South Africa's vehicle manufacturing industry is increasingly producing models for
exports. An example of this is the manufacturing of a! right hand drive 3 -series BMW
models in South Africa. These vehicles are designed to meet stringent vehicle
emissions standards in Europe, the USA and elsewhere where significant cleaner fuels
are available than is currently the case in South Africa.:The vehicles designed for such
export markets are also sold on the domestic market and require cleaner fuels. Without
cleaner fuels sophisticated vehicle emissions technologies cannot operate property
and can be damaged resulting in repair costs for vehicle owners or more worryingly,
the complete removal from the vehicle of such technology resulting in the regression to
even worse emissions.
1. No. 25741 GOVERNMENT GAZETTE 12 • ECEMBER 2003
1.3 Health and Environmental Considerations
As previously stated, the main objective of vehicle emissions regulation is to reduce
the impact of vehicle emissions on human health arid the environment in general. It is
obviously desirable to set appropriate legislation, which has the maximum benefit in
terms of risk to human health, without being over restrictive on the vehicle and fuel
manufacturers and which will have significant economic impacts. Pollutants from the
hydrocarbon fuel cycle and specifically from vehicle emissions contribute to a general
onslaught on the human body's ability to cope with the environmental exposure and
The relationship between lead and ill health has been well known, well researched and
understood for a long time. The effects of lead ire most felt by poorly nourished
children. A well – documented body of research has Lstablished an irrefutable case for
the removal of lead from petrol. It is for this reason that the World Bank and the Unites
States Environmental Protection Agency are very active in promoting the removal of
lead from petrol .
Linking exposure to other emissions to burden of disease has been shown to be very
difficult and to prove causality or to prove the degree of contribution is even more so.
This is due to the complexity and variability of exposure, the large number of
confounders and the tremendous expenditure, in time and resources, needed to do the
epidemiological studies. Most of the health impact follows from airborne exposures
with the respiratory system being the primary target. Individuals with existing
respiratory or cardiovascular disease are the most sensitive to such acute exposures.
Asthmatics, especially in children, show a higher level of response to such exposures.
A further complication is that epidemiological studies, are usually focused on individuals
with "normal health" and thus the information on the health impact of individuals pre-
existing conditions is often not well known.
Studies have been undertaken internationally, and thus there is merit in South Africa
adopting internationally accepted vehicle emissions legislation and fuel specifications.
It leaves only the selection of the appropriate level of these regulations for local
implementation. Further study of the impact of vehicle pollution in a South African
context will be undertaken to ensure that appropriate legislation is set in the future.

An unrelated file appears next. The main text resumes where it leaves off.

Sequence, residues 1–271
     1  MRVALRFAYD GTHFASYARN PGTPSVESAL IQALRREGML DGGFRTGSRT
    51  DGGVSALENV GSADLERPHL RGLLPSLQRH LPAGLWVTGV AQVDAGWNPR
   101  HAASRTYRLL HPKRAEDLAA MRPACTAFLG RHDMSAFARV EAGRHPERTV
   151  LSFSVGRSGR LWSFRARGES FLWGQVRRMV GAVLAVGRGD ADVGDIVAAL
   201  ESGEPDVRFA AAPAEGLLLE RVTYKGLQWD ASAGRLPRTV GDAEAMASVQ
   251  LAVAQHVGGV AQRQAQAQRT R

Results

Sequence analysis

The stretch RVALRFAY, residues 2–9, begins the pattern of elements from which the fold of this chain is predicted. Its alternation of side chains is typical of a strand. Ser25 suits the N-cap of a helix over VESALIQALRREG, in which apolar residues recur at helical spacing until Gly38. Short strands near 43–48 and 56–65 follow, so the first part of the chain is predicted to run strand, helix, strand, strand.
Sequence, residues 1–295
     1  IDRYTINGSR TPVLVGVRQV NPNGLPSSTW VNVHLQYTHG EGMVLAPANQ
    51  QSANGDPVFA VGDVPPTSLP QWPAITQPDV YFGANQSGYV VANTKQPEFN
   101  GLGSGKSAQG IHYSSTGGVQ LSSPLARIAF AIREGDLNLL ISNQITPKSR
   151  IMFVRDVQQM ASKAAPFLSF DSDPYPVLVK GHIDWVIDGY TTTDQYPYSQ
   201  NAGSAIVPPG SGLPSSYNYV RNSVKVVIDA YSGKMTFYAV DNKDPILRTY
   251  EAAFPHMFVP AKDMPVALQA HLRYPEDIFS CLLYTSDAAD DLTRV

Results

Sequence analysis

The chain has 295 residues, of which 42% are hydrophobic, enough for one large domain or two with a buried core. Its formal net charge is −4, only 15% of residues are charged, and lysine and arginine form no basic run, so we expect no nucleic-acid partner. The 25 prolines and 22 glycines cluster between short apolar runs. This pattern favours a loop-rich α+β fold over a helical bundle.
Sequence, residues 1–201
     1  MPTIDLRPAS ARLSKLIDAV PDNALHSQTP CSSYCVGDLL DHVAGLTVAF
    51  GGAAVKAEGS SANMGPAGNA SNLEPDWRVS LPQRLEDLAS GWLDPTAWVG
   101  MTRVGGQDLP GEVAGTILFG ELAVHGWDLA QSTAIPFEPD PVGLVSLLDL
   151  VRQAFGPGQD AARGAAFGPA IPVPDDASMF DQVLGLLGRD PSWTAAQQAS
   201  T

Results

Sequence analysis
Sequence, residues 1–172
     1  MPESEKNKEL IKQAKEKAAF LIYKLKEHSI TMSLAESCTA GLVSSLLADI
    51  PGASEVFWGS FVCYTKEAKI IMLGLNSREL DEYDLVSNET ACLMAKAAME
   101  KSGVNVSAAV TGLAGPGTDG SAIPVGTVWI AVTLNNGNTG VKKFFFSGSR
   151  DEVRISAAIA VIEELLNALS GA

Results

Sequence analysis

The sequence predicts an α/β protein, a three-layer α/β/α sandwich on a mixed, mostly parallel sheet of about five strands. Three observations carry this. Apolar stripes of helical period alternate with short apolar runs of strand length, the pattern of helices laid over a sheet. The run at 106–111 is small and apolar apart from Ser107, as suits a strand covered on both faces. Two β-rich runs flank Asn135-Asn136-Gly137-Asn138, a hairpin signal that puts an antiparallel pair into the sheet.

STAATSKOERANT, 12 DESEMBE 2003 No. 25741 17
Governments will adopt a precautionary approach. This is clearly entrenched in the
NEMA Act section (4) (Vii):
'that a risk averse and cautious approach is applied which takes into account the limits
of current knowledge about the consequences of decisions and actions
1.4 Economic Considerations
Regulatory intervention for environmental and health reasons has costs and benefits.
Ideally these costs and benefits should be compared in order to assess the net
benefits to society associated with the regulatory intrventions. The costs typically are
private costs (faced by industry, consumers, etc.) whilst the benefits result from the
positive externalities associated with the regulatory intervention.
Methodologies are not well developed in SA to explore externality benefits for vehicle
emissions reduction. It is fair to assume that the benefits of cleaner air justify most
private costs that are incurred in the process. It is possible however to estimate the
net impact in economic terms of vehicle exhaust emissions regulations .
1.5 Structure of the strategy document
This strategic document is essentially a time -bound implementation programme that
clearly indicates the steps or actions to be taken; by the Government, the motor
manufacturing industry and the petroleum industry to respond at a national and local
level to the challenges of vehicle emissions in our urban areas.
Chapter 1 sets the Constitutional and legislative context as well as the rationale
behind the need for a strategic approach in addressing vehicle emissions.
Chapter 2 outlines the roles and responsibilities of various role players, including
DEAT as lead agent and DME in the area of fuel reformulation. The role and
responsibility of the liquid fuels refining industry and the vehicle manufacturers to
enable compliance with emission standards is also outlined.
Chapter 3 provides a summary of key challenges
Chapter 4 gives background to the various aspect of vehicle emissions legislation
and specifically describes the European ECE regulations, which it is proposed that
18 No. 25741 GOVERNMENT GAZETTE, 12 DECEMBER 2003
South Africa adopt with modifications. Finally, the implementation timetable for the
various stages of the emission standards is provided .
Chapter 5 presents an economic analysis and;
Chapter 6 provides conclusions and a way forward
1.6 Strategy Development Process
The following process will be followed:
1. Final Draft Emissions Strategy version 03 November 2003 to be released for
comment to relevant stakeholders.
2. Invitation for stakeholder comments on ttje strategy. The comment period is